‘The Dogs of Windcutter Down’

Shepherd’s book highlights dogs and a swiftly vanishing way of life.

In his second book, David Kennard, who lives on a farm in North Devon, England, takes us once again inside his world of wild countryside, family, hard work, sheep, danger, and his pack of sheepdogs – Greg, Swift, Gail, Fern, Ernie, Jake, and Mist.

“The Dogs of Windcutter Down,” published by Thomas Dunne Books, may remind fans of this genre of James Herriot’s books, which chronicled the life of an English veterinary surgeon and were later made into the much-hailed BBC series, “All Creatures Great & Small.”

This time around, Kennard and his flock face a variety of dangers, the most troublesome of which is foot-and-mouth disease. Devon’s harsh, stormy weather makes the sheep more vulnerable to it.

“A wicked blast of Atlantic wind wrenched the gate from my hand and set it crashing shut,” Kennard writes to open the book. “The horizontal rain was relentless, stinging my face and forcing my eyes to narrow slits. Violent storms had been blowing for over a week now…”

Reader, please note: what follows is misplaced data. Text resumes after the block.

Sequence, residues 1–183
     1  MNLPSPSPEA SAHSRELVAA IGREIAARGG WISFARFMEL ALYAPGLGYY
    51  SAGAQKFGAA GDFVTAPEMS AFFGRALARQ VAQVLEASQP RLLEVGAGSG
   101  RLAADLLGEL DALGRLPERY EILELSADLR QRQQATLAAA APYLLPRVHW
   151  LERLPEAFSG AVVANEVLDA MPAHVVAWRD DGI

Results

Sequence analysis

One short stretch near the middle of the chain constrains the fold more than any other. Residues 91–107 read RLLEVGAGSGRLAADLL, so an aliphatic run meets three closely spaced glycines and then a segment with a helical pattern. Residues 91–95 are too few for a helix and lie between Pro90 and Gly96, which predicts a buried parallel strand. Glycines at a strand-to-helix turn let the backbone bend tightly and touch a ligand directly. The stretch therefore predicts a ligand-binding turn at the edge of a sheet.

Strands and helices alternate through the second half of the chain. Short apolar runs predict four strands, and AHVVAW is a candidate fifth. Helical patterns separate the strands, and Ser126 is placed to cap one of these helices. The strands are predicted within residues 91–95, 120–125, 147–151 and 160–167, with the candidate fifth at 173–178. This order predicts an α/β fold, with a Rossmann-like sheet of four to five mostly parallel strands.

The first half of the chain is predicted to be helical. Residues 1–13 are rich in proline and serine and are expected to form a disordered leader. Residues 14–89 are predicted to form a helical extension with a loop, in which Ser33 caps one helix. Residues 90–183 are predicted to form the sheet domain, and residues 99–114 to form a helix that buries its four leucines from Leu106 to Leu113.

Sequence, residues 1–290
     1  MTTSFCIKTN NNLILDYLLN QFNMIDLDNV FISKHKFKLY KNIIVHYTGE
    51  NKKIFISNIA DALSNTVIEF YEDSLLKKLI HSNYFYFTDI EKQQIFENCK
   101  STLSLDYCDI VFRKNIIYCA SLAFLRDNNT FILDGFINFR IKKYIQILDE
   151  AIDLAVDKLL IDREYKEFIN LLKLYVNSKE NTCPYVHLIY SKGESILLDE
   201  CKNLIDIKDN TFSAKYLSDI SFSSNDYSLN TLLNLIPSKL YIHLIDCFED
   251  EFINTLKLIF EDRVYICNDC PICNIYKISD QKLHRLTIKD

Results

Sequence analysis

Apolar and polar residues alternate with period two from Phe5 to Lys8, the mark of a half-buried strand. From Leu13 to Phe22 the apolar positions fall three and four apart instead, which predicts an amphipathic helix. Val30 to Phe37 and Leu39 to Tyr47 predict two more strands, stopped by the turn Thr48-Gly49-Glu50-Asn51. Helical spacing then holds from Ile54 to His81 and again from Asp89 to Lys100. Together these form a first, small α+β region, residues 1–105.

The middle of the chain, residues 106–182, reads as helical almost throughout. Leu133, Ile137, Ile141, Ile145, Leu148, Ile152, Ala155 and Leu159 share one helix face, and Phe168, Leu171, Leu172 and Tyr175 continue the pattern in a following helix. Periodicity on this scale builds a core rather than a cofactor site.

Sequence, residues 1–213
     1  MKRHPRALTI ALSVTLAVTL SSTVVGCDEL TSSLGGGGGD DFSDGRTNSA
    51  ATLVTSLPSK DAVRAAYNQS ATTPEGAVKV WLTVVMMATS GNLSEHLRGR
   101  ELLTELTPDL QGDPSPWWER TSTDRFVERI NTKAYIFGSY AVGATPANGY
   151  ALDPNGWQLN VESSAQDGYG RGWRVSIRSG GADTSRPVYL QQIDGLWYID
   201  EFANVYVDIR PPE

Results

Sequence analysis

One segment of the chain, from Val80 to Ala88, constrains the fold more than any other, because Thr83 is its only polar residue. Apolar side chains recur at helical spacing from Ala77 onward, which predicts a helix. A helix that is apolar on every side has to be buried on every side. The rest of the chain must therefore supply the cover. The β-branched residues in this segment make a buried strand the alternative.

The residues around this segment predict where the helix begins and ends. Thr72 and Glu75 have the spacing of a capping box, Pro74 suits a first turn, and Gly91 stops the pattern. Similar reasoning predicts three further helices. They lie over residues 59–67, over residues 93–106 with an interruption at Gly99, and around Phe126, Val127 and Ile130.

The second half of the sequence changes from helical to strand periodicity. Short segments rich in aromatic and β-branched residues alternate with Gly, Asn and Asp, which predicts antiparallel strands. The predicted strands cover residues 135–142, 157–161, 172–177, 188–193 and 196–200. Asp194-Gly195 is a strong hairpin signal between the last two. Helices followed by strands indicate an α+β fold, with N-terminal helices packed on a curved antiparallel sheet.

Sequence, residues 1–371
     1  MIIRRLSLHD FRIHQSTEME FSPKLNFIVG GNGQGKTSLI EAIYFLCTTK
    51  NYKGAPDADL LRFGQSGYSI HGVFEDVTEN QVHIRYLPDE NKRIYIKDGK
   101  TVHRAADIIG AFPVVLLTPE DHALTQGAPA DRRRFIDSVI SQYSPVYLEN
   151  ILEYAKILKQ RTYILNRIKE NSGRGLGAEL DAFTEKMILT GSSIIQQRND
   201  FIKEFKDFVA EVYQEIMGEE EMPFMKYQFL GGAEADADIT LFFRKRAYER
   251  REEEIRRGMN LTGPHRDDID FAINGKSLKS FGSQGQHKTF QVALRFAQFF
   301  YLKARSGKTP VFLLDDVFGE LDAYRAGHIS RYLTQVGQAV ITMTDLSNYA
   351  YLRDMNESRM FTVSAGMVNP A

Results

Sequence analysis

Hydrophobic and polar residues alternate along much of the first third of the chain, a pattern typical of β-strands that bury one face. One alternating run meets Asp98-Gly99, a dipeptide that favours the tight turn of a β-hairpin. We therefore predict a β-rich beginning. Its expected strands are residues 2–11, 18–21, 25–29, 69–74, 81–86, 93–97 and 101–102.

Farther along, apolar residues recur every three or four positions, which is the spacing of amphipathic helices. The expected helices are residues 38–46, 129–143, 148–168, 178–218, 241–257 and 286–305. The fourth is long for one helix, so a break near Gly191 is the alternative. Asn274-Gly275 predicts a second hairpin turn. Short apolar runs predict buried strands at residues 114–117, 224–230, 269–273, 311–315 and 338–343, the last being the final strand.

Since the disease has invaded some nearby farms, Kennard faces daily the fear of its spread into his stock.

His family’s way of life is in danger from financial pressures as well. “‘You wouldn’t have a little more of your chutney, would you, Debbie?’” asks a visiting friend. “Debbie shot me a sideways glance. ‘Actually, Victor, it’s only just been made. I’m not sure if it’s ready yet,’ she said, reluctantly producing a fresh jar from the cupboard. The attempt to preserve the supplies in the larder was in vain. The second jar too soon disappeared from view.”

But Kennard’s ever-faithful sheepdogs help him keep it all together, rescuing stranded ewes, finding lost lambs, and gathering the flock. Even the newest, and youngest, member of the canine troupe, Jake, turns out to be key to Borough Farm’s survival.

At a herding exhibition put together to add much-needed funds to the family’s coffers, young Jake finds himself in a difficult position. He must round up some sheep that had already reached a gap in a wall, and were out of view. “Jake, however, was undeterred. As the surprised audience glanced first towards the dog, then towards me, presumably looking for signs of panic, Jake rushed onwards, through the same gap. Then he too was lost from view.”

When Jake returns triumphantly with all the sheep in tow, a professional falconer offers to join future Borough Farm exhibitions, which would likely attract an even larger crowd.

Afterward, as Kennard and his wife indulge in hot mugs of coffee, and the kids drag straw bales to their trailer, the dogs surround the couple. “And I bet you don’t know how important to us you lot have just become,” Kennard says to the pack, closing our second glance into the life of a dedicated shepherd.

“The Dogs of Windcutter Down” is available now.

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